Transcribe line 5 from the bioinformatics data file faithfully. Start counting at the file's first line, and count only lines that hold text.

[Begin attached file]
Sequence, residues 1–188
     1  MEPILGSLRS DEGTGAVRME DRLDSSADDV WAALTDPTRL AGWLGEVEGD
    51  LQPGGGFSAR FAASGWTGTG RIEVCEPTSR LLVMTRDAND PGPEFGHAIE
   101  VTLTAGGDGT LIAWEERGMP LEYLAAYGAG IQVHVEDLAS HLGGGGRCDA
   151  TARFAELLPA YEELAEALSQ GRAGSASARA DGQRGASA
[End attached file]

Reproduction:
   151  TARFAELLPA YEELAEALSQ GRAGSASARA DGQRGASA